Jenni Gladstone - Tairāwhiti Coffin Club
When Jenni Gladstone saw an ad in the local paper calling for people interested in starting a Coffin Club she knew immediately that she wanted to be a part of it. She was doing some weaving at the time and had always wanted to weave a Harakeke casket. Although she was a little unsure of what to expect she went along to see what it was all about, determined to be a part of the club if she could be.
The first meeting held in 2018 was to see if there was enough community interest to start a club similar to the successful Rotorua Coffin Club. There was a swell of community support from the beginning and the Gisborne club became the sixth to be established nationwide. There is a one-off joining fee of $30 to join the Tairawhiti club and a membership fee of $10 a year. Membership entitles people to make a casket ‘at cost’ paying $350 in materials. For this fee people can have a coffin built by professional joiners who volunteer their time to the club. Members then decorate and furnish the coffins as they please.
Jenni started attending the club twice a week and the initial club members soon found their feet building a coffin for a committee member's friend as their first build. There was a core group of volunteers from the beginning and at first Jenni would mainly watch. There was lots of talking and having coffee and she always felt like part of the team, being involved in decision making from the start and helping out wherever she could.
She quickly learnt just how much work goes into building a coffin. Her painting skills have developed and she has now learnt how to paint to a high standard. She has spent time encouraging and supporting others to have the confidence to have a go at painting their own coffin. The club aims to provide the opportunity for people to design and create their own coffins as a part of a fun and supportive group, reducing costs and increasing choice in the community.
Jenni believes the most valuable part of being a club member is the talking that happens as people are going about their work. Whether it’s about coffins, about death and dying, or just life in general. Some people need more support with the whole process as their families may be uncomfortable with the idea. Jenni can see the value in just talking it through, having a cuppa and hearing people's stories. Although most people are involved in the club for the time it takes to complete their coffin the club do get a few people that have made their coffins already but still come down for a coffee and a chat. What Jenni has gained most from the club is meeting the other people involved—people she may have walked past in the street and never got to know.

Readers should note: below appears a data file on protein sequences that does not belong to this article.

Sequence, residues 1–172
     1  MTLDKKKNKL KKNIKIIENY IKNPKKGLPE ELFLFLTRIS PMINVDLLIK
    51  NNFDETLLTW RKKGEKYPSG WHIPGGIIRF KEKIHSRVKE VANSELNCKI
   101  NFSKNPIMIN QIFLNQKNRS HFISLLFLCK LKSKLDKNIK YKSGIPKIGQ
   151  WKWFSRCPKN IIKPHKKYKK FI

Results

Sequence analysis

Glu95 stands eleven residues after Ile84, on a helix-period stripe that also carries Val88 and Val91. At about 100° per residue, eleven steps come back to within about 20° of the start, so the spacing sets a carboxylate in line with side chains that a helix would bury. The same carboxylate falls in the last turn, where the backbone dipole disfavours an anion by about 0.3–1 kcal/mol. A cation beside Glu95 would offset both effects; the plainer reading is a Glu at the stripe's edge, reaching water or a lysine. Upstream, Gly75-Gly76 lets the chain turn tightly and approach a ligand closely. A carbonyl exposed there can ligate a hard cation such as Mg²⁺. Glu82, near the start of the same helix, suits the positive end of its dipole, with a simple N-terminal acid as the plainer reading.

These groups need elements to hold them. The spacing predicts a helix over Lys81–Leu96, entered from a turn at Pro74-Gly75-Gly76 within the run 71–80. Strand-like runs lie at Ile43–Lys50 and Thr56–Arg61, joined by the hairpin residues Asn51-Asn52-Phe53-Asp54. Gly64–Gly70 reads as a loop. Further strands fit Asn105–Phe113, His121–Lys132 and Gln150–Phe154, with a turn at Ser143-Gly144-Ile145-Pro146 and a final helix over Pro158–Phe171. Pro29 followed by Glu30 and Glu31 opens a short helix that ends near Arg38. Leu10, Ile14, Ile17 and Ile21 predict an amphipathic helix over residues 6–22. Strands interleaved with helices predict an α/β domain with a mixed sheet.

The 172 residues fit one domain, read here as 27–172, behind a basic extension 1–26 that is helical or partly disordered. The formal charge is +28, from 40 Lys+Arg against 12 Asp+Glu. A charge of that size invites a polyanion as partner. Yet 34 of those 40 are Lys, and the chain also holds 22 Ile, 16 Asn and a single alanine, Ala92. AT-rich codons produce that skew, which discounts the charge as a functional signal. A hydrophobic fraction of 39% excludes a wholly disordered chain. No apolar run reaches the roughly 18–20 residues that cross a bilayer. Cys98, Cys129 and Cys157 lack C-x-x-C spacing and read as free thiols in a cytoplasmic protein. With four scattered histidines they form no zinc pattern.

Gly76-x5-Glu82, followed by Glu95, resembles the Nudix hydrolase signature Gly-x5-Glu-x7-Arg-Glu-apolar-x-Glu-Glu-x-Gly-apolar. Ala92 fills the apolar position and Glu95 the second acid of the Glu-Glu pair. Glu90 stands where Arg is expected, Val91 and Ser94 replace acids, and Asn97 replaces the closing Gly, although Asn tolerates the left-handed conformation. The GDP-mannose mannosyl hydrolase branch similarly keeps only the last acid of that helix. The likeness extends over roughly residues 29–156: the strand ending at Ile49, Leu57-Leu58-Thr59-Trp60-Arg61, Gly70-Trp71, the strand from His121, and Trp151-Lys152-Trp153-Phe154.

While the club does help people to think about planning for the end of life stage, it’s a very individual thing and people will make their coffins when they feel ready. In a way, it’s normalising the process of preparing for a life event that we all experience. Jenni recommends that before you think about making a coffin just go down on a Saturday morning. “Come and have a coffee and sit with us, then have a look around,” she encourages. Jenni has brought her own children down to the club at various times so that they can see that it’s a friendly place and there is nothing morbid about the process of building and decorating a coffin.
Jenni believes that the club will continue to grow as the need in the community grows. People are motivated to come along because they want to make things easier for their families,
“People aren’t thinking about themselves, they are thinking about everyone else, wanting to prepare their children or the rest of their families. People come along (to the Coffin Club) because they don’t want to spend heaps of money on something that is only going to be used once and they don’t want to leave their children or their family in debt.”
Jenni shares the different focuses and motivations that people bring to the club. There is a huge range with some people putting a lot of thought into how they will look in their coffins and others not caring much about that side of things. There are all sorts of people and coffins, some are quite artistic including images like a family tree, favourite things, hobbies or embellishments inside and out.
None of the coffins are made until they are paid for so the club doesn't have coffins in stock. , The club are aware that not everyone has the kind of money saved to buy a coffin when it’s needed and they do have a process where people can laybuy them making it more affordable for some.
When asked what kind of coffin Jenni will make for herself she replied,
“I haven’t made my own coffin yet neither have the others in the committee. For me, it’s all about helping everyone else.”
If you have the kind of skills that could be utilised in making ‘underground furniture’ and conversations about the practicalities of death and dying don’t faze you. Pop down on for a cuppa on a Saturday morning, the Tairawhiti Coffin Club may be a good volunteering fit for you.